Subject(s)
Autopsy/methods , COVID-19/pathology , Ultrasonography, Interventional/methods , Aged , Aged, 80 and over , Biopsy , Feasibility Studies , Female , Humans , Male , Middle Aged , SARS-CoV-2
12.
Nat Med ; 26(11): 1694-1700, 2020 11.
Article in English | MEDLINE | ID: covidwho-744383

ABSTRACT

Coronavirus disease 2019 (COVID-19) in humans is often a clinically mild illness, but some individuals develop severe pneumonia, respiratory failure and death1-4. Studies of severe acute respiratory syndrome coronavirus 2 (SARS-CoV-2) infection in hamsters5-7 and nonhuman primates8-10 have generally reported mild clinical disease, and preclinical SARS-CoV-2 vaccine studies have demonstrated reduction of viral replication in the upper and lower respiratory tracts in nonhuman primates11-13. Here we show that high-dose intranasal SARS-CoV-2 infection in hamsters results in severe clinical disease, including high levels of virus replication in tissues, extensive pneumonia, weight loss and mortality in a subset of animals. A single immunization with an adenovirus serotype 26 vector-based vaccine expressing a stabilized SARS-CoV-2 spike protein elicited binding and neutralizing antibody responses and protected against SARS-CoV-2-induced weight loss, pneumonia and mortality. These data demonstrate vaccine protection against SARS-CoV-2 clinical disease. This model should prove useful for preclinical studies of SARS-CoV-2 vaccines, therapeutics and pathogenesis.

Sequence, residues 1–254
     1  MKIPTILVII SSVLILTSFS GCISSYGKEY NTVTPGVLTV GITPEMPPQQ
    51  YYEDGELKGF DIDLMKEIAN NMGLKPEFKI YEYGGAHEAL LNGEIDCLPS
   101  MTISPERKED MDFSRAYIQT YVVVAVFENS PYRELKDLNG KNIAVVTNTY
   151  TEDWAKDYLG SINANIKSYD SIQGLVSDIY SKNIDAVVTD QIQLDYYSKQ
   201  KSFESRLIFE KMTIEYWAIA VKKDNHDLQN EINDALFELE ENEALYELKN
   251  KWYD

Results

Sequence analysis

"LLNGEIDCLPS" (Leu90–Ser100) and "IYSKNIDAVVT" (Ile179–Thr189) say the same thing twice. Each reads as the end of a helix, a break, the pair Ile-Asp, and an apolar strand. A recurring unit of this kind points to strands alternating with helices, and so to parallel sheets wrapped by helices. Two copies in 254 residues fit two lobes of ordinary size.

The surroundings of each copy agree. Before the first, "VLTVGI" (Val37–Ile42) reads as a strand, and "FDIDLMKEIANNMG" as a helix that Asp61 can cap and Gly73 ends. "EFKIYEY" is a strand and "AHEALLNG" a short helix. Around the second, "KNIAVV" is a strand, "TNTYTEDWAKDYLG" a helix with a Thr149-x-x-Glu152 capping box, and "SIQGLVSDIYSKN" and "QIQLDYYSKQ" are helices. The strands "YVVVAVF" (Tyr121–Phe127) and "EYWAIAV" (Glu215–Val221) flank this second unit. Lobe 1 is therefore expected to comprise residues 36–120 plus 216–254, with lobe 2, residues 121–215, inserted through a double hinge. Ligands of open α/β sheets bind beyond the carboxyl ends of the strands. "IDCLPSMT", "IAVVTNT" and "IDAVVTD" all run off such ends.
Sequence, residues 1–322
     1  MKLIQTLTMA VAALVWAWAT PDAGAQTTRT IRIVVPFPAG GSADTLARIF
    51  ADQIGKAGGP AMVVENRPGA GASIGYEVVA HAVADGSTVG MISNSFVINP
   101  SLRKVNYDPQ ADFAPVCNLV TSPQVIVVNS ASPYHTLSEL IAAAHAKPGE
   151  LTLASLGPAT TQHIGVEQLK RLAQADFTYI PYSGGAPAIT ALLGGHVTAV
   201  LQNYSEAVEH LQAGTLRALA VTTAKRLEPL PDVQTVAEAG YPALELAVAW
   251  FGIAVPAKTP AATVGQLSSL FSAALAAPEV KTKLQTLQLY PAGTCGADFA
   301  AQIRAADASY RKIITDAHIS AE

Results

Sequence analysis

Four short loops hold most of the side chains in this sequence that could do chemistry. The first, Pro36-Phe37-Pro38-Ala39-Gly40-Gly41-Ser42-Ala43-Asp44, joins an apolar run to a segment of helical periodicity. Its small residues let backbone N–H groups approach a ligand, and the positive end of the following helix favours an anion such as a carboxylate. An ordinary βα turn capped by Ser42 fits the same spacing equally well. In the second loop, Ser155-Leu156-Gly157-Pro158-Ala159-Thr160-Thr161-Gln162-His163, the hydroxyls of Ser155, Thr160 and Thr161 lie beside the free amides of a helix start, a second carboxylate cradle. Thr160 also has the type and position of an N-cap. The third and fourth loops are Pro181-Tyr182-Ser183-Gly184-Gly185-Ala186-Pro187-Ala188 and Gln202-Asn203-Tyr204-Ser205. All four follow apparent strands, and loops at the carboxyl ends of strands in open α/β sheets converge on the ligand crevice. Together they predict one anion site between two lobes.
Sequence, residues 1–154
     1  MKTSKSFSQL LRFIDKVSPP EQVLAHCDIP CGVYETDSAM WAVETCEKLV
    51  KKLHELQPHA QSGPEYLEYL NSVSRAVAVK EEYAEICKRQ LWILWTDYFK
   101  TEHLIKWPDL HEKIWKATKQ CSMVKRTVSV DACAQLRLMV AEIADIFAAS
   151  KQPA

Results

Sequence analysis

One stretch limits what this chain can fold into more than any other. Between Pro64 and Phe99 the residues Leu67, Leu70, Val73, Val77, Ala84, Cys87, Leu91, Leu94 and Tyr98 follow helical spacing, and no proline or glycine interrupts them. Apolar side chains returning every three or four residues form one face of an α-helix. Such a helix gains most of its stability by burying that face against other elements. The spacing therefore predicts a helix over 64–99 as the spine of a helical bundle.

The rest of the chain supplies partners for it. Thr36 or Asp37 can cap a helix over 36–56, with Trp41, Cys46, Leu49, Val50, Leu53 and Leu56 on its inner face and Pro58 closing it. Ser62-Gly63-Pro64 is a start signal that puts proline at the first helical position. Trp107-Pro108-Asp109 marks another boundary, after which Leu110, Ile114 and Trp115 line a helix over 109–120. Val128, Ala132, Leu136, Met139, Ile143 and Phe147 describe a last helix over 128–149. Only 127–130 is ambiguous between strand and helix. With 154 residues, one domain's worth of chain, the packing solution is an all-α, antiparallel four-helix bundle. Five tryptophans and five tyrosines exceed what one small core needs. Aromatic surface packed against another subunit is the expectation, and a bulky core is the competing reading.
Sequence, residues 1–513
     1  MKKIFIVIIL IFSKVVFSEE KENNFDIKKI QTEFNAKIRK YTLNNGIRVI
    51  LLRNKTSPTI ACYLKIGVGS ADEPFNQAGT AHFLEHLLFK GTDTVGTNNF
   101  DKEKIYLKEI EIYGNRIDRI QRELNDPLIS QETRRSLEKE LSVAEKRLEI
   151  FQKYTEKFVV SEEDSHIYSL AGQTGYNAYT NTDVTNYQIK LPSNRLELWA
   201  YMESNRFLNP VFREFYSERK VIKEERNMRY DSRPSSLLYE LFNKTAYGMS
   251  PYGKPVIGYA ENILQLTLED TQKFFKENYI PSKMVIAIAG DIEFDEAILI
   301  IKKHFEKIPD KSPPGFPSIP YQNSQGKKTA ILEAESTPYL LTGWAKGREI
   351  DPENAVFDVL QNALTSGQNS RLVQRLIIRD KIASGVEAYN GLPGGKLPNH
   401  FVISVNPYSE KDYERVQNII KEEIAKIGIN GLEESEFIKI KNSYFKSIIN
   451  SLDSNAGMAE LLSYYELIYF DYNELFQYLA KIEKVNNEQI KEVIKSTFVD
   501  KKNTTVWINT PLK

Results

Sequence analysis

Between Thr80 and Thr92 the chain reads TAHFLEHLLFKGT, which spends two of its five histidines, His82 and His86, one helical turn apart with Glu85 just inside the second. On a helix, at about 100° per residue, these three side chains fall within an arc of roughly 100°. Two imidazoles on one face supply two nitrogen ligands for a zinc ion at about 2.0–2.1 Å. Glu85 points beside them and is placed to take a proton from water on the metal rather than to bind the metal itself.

Subject(s)
Adenoviridae/genetics , COVID-19 Vaccines/therapeutic use , COVID-19/prevention & control , SARS-CoV-2/immunology , Spike Glycoprotein, Coronavirus/genetics , Spike Glycoprotein, Coronavirus/immunology , Adenoviridae/immunology , Animals , Antibodies, Neutralizing/genetics , Antibodies, Neutralizing/therapeutic use , COVID-19/mortality , COVID-19/pathology , COVID-19/virology , COVID-19 Vaccines/genetics , Cricetinae , Disease Models, Animal , Female , Genetic Vectors , Humans , Male , Mesocricetus , SARS-CoV-2/genetics , Severity of Illness Index , Vaccines, Synthetic/genetics , Vaccines, Synthetic/therapeutic use , Viral Load
13.
Science ; 369(6505): 812-817, 2020 08 14.
Article in English | MEDLINE | ID: covidwho-327276

ABSTRACT